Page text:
Religion hasn't been an issue in American presidential politics since 1960. That may change in 2008 if Massachusetts Gov. Mitt Romney remains a leading candidate for the Republican nomination.
More than a third of registered voters 35 percent say they wouldn't vote for a member of The Church of Jesus Christ of Latter-day Saints for president, the latest Bloomberg/Los Angeles Times poll finds. That's considerably more than say they wouldn't vote for a Catholic, Jew or evangelical Christian. Only a Muslim gets a higher negative response.
Among all respondents, 37 percent say they wouldn't vote for a Mormon. More than two in five Democrats say they wouldn't do so, while about a third of both Republicans and independents say they wouldn't. Females are slightly more negative toward a Mormon candidate than males.
"It's a sign that this is going to be a factor in Romney's campaign," said Scott Rasmussen, an independent pollster and president of Rasmussen Research in Ocean Grove, N.J.
By comparison, 22 percent of registered voters say they wouldn't support an evangelical Christian, 14 percent wouldn't back a Jewish candidate, and 9 percent say no to a Catholic. Fifty-three percent say they wouldn't vote for a Muslim.
The anti-Mormon rating "is a concern, but you have to remember this is all hypothetical now without even mentioning a candidate," said Susan Pinkus, the Los Angeles Times' polling director. "It all hinges on who the candidate is and how the public perceives him."
In an interview on Friday, U.S. Health and Human Services Secretary Michael Leavitt said the religion issue will fade over time.
"I think it will be a curiosity to people," said Leavitt, a former Utah governor who is also a Mormon.
"There will be a lot of folks who will say, 'I am worried a lot of people will worry about that.' I don't. In time, people's curiosity will be satisfied and it will ultimately not be a factor."
Julie Teer, a Romney spokeswoman, said Romney typically doesn't comment on polls.
The Bloomberg/Los Angeles Times poll surveyed 1,321 adults nationwide, including 1,170 registered voters, from June 24 through June 27. The poll has a sampling margin of error of plus or minus three percentage points.
Romney, 59, grew up in the LDS Church and led a group of Boston-area congregations for eight years before running for governor. In a March interview with Bloomberg News, he said he faces frequent questions about his religion but that people of different faiths identify with the core values of Mormonism, including a strong family, honesty and respect for human life.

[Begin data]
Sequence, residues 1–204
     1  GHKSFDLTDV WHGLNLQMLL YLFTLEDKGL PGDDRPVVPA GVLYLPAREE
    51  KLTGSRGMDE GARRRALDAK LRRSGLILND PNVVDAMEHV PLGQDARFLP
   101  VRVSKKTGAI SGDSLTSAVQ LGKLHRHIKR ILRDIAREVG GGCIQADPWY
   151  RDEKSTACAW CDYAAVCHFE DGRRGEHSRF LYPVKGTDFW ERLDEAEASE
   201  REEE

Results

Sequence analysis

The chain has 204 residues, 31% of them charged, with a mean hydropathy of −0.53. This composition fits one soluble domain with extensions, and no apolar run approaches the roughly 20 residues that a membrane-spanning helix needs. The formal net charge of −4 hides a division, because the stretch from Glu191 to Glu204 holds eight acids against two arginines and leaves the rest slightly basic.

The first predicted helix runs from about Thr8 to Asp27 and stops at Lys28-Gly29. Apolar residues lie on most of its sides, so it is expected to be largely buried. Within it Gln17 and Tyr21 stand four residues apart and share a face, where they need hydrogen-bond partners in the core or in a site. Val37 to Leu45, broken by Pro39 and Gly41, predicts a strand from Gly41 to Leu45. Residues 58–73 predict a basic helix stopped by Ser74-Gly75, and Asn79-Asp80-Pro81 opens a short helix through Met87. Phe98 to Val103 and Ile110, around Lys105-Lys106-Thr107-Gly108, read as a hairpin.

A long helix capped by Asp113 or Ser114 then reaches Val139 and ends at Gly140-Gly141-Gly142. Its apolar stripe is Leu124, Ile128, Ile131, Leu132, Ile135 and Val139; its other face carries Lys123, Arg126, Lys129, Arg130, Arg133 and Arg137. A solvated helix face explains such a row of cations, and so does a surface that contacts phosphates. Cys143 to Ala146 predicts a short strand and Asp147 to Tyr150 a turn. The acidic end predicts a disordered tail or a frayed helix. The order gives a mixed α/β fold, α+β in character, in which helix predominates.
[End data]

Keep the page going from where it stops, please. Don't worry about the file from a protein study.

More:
The last time religion was a factor in a presidential election was when John F. Kennedy, a Catholic, ran in 1960. Kennedy captured the presidency after defusing the issue in a Sept. 12, 1960, speech before the Greater Houston Ministerial Association, a Baptist organization.
"I believe in a president whose religious views are his own private affair, neither imposed by him upon the nation or imposed by the nation upon him as a condition to holding that office," Kennedy said in the speech.
Romney said in March that he expects his religion to be an issue if he pursues the presidency. "There ultimately will be a time when someone will go overboard, where someone will say something beyond the mark," he said. "And hopefully I will be able to rise to the occasion in a way that's memorable."
Among some voters, social concerns may be partly driving the anti-Mormon numbers, said John Green, a political scientist at the University of Akron in Ohio who studies the impact of religion on politics. "It looks like while there may be a religious factor here, it's also an ideological factor," he said. "Liberals are concerned about Mormons."
Mormons, including Romney, have supported a ban on gay marriage and limits on abortion rights and stem-cell research.
Among political groups, the highest opposition to a Mormon candidacy comes from people who describe themselves as liberal Democrats, 50 percent of whom say they wouldn't vote for a Mormon. Thirty-three percent of moderate Republicans say they wouldn't, as do 35 percent of conservative Republicans.
Minorities are more opposed to a Mormon presidential candidate than whites, with 51 percent saying they wouldn't vote for one, versus 31 percent of whites. Sixty percent of nonwhite Protestants say no to a Mormon president.
A Mormon candidacy would also likely draw some opposition from evangelical Christians, Green said. "Some evangelical churches actually label the Latter-Day Saints as a cult," he said.
Some of the church's teachings differ from those of other Christian denominations. Mormonism says that the early Christian church fell from the truth and that "in the latter days" Christ has been restoring it through modern-day prophets, starting in 1820 with Mormon church founder Joseph Smith.